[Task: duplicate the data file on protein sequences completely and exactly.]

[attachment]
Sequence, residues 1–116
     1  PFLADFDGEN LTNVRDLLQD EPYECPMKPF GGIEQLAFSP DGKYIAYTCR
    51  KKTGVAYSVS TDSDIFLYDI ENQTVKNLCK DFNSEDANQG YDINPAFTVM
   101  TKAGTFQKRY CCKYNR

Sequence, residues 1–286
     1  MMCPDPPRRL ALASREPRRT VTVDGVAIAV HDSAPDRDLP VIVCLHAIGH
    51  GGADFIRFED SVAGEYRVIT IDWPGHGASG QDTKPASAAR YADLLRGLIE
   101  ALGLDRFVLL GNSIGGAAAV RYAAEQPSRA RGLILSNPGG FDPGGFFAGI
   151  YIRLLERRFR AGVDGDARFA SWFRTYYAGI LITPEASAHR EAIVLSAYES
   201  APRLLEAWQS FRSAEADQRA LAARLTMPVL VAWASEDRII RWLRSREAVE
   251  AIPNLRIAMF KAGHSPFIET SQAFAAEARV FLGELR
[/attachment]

Sequence, residues 1–116
     1  PFLADFDGEN LTNVRDLLQD EPYECPMKPF GGIEQLAFSP DGKYIAYTCR
    51  KKTGVAYSVS TDSDIFLYDI ENQTVKNLCK DFNSEDANQG YDINPAFTVM
   101  TKAGTFQKRY CCKYNR

Sequence, residues 1–286
     1  MMCPDPPRRL ALASREPRRT VTVDGVAIAV HDSAPDRDLP VIVCLHAIGH
    51  GGADFIRFED SVAGEYRVIT IDWPGHGASG QDTKPASAAR YADLLRGLIE
   101  ALGLDRFVLL GNSIGGAAAV RYAAEQPSRA RGLILSNPGG FDPGGFFAGI
   151  YIRLLERRFR AGVDGDARFA SWFRTYYAGI LITPEASAHR EAIVLSAYES
   201  APRLLEAWQS FRSAEADQRA LAARLTMPVL VAWASEDRII RWLRSREAVE
   251  AIPNLRIAMF KAGHSPFIET SQAFAAEARV FLGELR